Having grown up abroad, we were often part of a tiny (Muslim) minority group, no matter where we were based. Thus, we celebrated all religious and cultural occasions together.
It happened over two decades ago, but I still recall it vividly. I must have been eight or nine-years-old when I was attending a majlis at another (Shia) Muslim household. When it came to the maatam (mourning), I was told not to participate. The child in me did as I was told, but I remember being left confused by the command.
So I came home and asked my parents to explain. They tried to explain (as much as they could to an eight-year-old) that we were Sunnis. They elaborated that, by faith, both Shias and Sunnis are Muslims: like two brothers from the same family, who unanimously love the Prophet Muhammad (PBUH) and his family, and share grief over what happened to his grandson, Imam Hussain (RA).
At the age of eight, it really didn’t seem like a big deal. However, when I resettled in Pakistan, I came to realise that it was a big issue. Over time, this issue has caused countless bouts of violence; a very real consequence of sectarian and ethnic differences. Its literal translation is an inability to accept somebody as different; us versus them – this religion versus that – this sect versus that – this ethnicity versus that.
While religion preaches tolerance and acceptance, it is ironic how we allow society to condition us in such a way that we find it hard to accept differences – be it in thought, language, caste, creed, or religion. We do the exact opposite of what the Holy Quran tells us to do; overlook the differences and focus on the similarities.
I was blessed to have tolerant parents who, being Sunni, ensured that we maintained a front of solidarity with those who were Shia. Countless Ashuras were spent in viewing special Muharram transmissions, making sure that we knew (and appreciated) the significance of this sacred month. My father would tell me to avoid anything on that day that would hurt the sentiments of Shia neighbours or friends (loud music and showy clothes). He made sure that I understood that:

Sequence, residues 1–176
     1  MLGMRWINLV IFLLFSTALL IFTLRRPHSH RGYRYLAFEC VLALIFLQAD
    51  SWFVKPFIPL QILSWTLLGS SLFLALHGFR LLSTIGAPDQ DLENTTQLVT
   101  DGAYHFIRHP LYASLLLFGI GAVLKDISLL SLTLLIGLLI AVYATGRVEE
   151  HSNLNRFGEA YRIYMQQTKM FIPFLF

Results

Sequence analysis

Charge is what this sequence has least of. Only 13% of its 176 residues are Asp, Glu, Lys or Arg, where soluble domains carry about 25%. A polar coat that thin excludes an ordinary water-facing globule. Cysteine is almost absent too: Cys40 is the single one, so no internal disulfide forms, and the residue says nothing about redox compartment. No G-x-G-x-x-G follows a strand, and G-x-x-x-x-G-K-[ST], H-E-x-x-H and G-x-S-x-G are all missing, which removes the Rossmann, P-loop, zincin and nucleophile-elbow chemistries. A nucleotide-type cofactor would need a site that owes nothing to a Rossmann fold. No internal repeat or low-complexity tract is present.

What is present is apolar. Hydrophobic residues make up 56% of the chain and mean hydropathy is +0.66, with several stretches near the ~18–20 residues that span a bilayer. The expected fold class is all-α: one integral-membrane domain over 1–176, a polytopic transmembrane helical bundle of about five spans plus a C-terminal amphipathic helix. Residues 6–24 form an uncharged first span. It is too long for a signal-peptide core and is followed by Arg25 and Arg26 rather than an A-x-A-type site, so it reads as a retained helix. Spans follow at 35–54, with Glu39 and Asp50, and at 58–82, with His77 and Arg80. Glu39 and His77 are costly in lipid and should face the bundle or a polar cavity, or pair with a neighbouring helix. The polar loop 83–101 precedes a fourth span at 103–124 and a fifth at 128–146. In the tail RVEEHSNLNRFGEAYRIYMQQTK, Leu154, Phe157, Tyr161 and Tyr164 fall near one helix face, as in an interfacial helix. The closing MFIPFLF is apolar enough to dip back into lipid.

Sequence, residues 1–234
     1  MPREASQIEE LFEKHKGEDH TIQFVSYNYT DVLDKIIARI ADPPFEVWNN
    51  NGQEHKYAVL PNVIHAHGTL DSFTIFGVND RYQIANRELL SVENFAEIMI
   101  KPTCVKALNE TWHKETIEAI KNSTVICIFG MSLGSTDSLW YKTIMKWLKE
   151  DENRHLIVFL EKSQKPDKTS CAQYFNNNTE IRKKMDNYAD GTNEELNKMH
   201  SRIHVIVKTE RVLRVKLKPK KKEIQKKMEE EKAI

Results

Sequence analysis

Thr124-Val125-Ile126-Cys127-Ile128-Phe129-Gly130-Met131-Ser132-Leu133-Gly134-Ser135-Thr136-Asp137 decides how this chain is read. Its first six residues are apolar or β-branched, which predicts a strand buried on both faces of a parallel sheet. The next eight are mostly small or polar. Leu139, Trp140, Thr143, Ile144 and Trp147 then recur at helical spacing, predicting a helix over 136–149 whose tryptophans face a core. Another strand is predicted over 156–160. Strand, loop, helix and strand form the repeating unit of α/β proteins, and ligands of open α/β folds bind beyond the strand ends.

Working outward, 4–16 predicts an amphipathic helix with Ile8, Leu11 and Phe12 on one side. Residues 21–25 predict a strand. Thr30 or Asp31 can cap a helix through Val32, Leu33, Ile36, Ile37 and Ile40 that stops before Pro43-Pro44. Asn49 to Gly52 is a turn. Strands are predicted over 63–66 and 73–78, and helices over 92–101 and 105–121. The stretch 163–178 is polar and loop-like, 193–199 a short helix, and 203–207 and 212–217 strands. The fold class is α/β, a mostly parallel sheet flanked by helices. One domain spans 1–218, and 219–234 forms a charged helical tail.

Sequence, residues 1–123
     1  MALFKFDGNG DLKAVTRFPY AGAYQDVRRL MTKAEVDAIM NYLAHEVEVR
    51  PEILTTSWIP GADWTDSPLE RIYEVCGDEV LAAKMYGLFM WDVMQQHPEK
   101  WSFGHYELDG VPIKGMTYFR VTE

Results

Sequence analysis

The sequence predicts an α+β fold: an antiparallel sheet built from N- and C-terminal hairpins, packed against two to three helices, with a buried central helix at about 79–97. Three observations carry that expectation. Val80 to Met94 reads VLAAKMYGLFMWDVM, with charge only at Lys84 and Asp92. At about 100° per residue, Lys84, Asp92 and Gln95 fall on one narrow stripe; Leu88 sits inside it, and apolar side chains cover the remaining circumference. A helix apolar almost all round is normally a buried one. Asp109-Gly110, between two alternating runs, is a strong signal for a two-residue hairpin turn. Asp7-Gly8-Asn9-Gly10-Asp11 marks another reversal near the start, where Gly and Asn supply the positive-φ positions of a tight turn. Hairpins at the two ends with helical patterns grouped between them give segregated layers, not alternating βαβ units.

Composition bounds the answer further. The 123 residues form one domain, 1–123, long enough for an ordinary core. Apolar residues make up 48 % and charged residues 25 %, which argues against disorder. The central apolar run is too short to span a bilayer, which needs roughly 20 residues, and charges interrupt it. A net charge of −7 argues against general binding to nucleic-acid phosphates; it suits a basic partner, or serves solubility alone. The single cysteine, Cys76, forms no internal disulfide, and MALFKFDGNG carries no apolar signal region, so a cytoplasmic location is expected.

“Their (differing) perspectives are a part of their beliefs. It’s okay for them to be different. Give them their fair space.”
His words have stayed with me.
Sadly, stereotyping others can be classified as a national pastime. Even in today’s day and age, I come across people who are scandalised if another group prays somewhat differently, or how they break their fast in Ramazan slightly earlier or later. Sharing the same deity, same Messenger (PBUH), same Holy Quran just isn’t enough, so we stereotype each other.
Looking from an entirely new perspective, when it comes to the lesser and greater pilgrimages, both sects peacefully pray in the same rows (in complete congruence), perform Tawaaf, do Sa’ee, and pray from the same Holy Quran. The interpretation may differ, but both groups should be okay with that, right? Why can’t we carry forth the same level of acceptance beyond pilgrimage and wish genuine peace from the heart unto one other?
I guess it’s easier said than done – and I don’t know why.
With Ashura knocking at our doors, I solemnly expect (just like previous years) that there will be unnecessary casualties, where innocent lives are lost. Differences amongst the sects will be highlighted and used against each other, hence killing what Karbala truly stood for; truth, courage, self-sacrifice, and honesty. Karbala taught us that real battles are always fought in the mind – not on the ground. And yet, hatred supersedes peace and anger overtakes sanity.
I’m not sure what or how much we can do, but maybe a little soul searching would be a good start towards understanding one of Islam’s basic teachings; that there is no compulsion in religion. As a Sunni by (peaceful) choice, I know others have just as much of a right as I do to follow whatever path they choose without any insecurities or fear of punishment for following their beliefs. Integrity, vision, humanity, peace and the true message of Islam is bigger than any of these denominations.
The Article First Appeared In THE EXPRESS TRIBUNE
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